Mayor de Blasio Levels With New Yorkers on Homelessness Crisis: “I Today Cannot See an End”


Mayor Bill de Blasio struck a somber tone as he unveiled his newest plan to mitigate the city’s homelessness crisis on Tuesday, lowering expectations for making a dent in the intractable issue he pledged to tackle when he campaigned for mayor more than three years ago.

“I’m going to say some things that are hard to hear,” the mayor announced at the beginning of his speech, telling reporters and homeless advocates that the city’s skyrocketing shelter population was the result of thirty years of ineffective policies, and that just keeping the population from exploding even further was an accomplishment his administration took pride in.

De Blasio’s plan, his third comprehensive initiative to address homelessness since he took office, aims to close all of the city’s “cluster sites” shelters and replace them with 90 new shelters based in communities closer to where the homeless originate from.

Yet even this new strategy would only reduce the city’s record homelessness population by 2,500 over a five-year period. There are currently just under 60,000 people sleeping in NYC shelters every night.

“It will be a long, long battle. A tough battle. We will be at this a long time. If I told you anything more pleasant it wouldn’t be the truth, de Blasio, who is on his way towards probable reelection, said during the announcement. “We’ll make progress, but it will be incremental.”

Under current procedure, families are often sent miles away from where they used to live, where their family is based, or where their kids go to school.

“The numbers speak so clearly. Right now, 70% of the shelter population are families,” the mayor said. “This is very different than what we’ve had in the past.”

Advocates for the homeless have chastised de Blasio for announcing another new plan so close to his last one, which was delivered last year. But the mayor said that this new plan was based on experiences he’d had over the past three years in trying to deal with the shelter system.

De Blasio has also pledged to curtail the use of hotels, which his administration has resorted to as shelter populations continued to rise. Earlier this year, after announcing homeless New Yorkers would be moving into a hotel in Maspeth, Queens, locals erupted with dissent, convening a nightly vigil castigating the mayor and his commissioner of Human Resources, Steven Banks, and going so far as to protest outside of Banks’s home.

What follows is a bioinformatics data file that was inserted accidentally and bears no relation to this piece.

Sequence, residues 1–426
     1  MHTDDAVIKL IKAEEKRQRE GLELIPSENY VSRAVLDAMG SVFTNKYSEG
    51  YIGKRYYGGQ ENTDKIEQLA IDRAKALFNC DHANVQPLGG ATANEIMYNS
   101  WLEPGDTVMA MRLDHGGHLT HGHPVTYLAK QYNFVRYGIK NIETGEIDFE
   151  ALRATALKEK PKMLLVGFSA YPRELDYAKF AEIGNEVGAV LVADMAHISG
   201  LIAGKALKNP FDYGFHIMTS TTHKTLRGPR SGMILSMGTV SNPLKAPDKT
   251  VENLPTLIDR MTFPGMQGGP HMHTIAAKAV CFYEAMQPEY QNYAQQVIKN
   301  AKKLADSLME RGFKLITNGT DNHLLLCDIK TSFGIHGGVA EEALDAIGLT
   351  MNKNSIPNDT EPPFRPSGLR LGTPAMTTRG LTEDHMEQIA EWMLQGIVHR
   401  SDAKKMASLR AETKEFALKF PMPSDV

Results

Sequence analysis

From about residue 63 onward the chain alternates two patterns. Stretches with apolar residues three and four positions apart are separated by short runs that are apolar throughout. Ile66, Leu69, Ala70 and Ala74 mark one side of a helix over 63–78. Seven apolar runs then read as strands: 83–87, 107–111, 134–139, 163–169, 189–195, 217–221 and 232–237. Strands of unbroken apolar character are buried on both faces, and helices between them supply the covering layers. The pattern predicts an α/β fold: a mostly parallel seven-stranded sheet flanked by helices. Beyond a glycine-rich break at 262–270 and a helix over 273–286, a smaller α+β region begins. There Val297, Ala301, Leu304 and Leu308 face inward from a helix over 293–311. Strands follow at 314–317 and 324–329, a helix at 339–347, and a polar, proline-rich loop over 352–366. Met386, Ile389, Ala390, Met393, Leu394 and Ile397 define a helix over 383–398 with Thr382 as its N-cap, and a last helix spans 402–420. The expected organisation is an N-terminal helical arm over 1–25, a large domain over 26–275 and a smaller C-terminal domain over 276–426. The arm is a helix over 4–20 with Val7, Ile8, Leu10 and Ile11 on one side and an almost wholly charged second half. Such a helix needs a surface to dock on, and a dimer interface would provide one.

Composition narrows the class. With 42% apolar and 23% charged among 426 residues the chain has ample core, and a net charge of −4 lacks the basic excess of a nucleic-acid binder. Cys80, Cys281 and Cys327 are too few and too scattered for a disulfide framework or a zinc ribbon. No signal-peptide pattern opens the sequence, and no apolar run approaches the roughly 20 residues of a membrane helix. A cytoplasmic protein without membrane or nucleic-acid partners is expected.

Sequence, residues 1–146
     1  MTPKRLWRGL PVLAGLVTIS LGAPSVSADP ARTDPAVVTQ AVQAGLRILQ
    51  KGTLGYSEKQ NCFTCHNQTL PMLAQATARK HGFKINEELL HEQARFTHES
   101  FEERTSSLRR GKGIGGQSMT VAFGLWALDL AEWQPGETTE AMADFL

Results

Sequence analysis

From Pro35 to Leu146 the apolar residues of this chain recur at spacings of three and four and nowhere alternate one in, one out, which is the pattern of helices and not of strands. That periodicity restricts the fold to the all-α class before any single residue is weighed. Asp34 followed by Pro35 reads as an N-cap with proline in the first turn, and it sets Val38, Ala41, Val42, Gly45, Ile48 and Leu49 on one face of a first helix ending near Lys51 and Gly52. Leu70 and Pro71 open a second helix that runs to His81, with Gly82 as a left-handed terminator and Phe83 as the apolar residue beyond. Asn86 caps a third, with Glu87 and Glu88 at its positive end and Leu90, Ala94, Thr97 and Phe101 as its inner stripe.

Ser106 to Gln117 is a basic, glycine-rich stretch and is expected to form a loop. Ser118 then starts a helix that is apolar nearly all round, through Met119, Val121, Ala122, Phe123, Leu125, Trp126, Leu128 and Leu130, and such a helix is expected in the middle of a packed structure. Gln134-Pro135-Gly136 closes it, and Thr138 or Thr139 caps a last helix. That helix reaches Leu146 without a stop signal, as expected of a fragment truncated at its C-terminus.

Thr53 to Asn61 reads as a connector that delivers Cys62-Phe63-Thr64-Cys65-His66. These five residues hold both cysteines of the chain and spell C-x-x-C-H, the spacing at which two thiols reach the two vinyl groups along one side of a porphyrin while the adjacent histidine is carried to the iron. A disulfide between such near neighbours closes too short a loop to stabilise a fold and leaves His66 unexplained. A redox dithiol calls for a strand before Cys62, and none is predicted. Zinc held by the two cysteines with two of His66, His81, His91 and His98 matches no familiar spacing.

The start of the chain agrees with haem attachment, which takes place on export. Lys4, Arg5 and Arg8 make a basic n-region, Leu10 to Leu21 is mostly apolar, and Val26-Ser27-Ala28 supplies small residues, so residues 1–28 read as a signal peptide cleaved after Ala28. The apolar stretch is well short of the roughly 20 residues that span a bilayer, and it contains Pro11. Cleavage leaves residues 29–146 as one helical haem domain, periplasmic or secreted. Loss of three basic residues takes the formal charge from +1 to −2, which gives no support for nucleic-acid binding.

“I today cannot see an end. I can see improvement and constant progress if we all do things right,” the mayor said. “But again, I am not going to lie to people New York City and say I have defined end in sight.” Instead the mayor opted that he wanted to “break a pattern,” where homelessness has risen year after year.

While the plan will eventually open 90 new shelters, the overall footprint of shelters in the city will be lowered by 45%. Still, the mayor conceded that his plan would not be popular politically, as it asks more neighborhoods to accept the construction or conversion of buildings into shelters, something that many community board across the city have resisted. The new plan also calls on the governor and state legislature to support a pledge it made last year to free up more than $2 billion for new supportive housing in the city, something that it has not yet done.

Many advocates of the homeless were not enthusiastic about de Blasio’s plan, which directs money to go towards more shelters instead of creating more affordable permanent housing.

“Any comprehensive plan to address homelessness absolutely needs to include housing and it needs to address a bold plan to address the housing needs of the record number of people that are in shelter now,” Giselle Routhier, policy director at the Coalition for the Homeless, told the Voice. “Housing has been proven to be the best way to stabilize people that are homeless. The only way to address this issue is to provide stable, long-term housing.”

The Coalition for the Homeless also pointed out that it was in de Blasio’s power to give homeless families priority for NYCHA housing, something he has not done.

In the 128-page report outlining the new plan, the de Blasio administration claims to have helped more than 51,500 New Yorkers pay their rent or move out of a shelter through some sort of subsidy, but his larger housing plan has not yet seen results in helping low-income New Yorkers find more affordable housing.

“Literally no one is asking for more shelters,” Jose Rodriguez, a member of Picture the Homeless, told the Voice in a statement. “Homeless people don’t want to be warehoused in these demoralizing institutions that break up communities and families. Bill de Blasio can’t keep letting the real estate lobby set his agenda. He needs to create real housing for the poorest New Yorkers, not bogus so-called affordable housing that doesn’t benefit the people who need it most.”

The mayor declined to do a question and answer after the announcement, and has not answered questions from his press pool since his meeting last Friday with federal investigators over his fundraising tactics (though he did appear on NY1).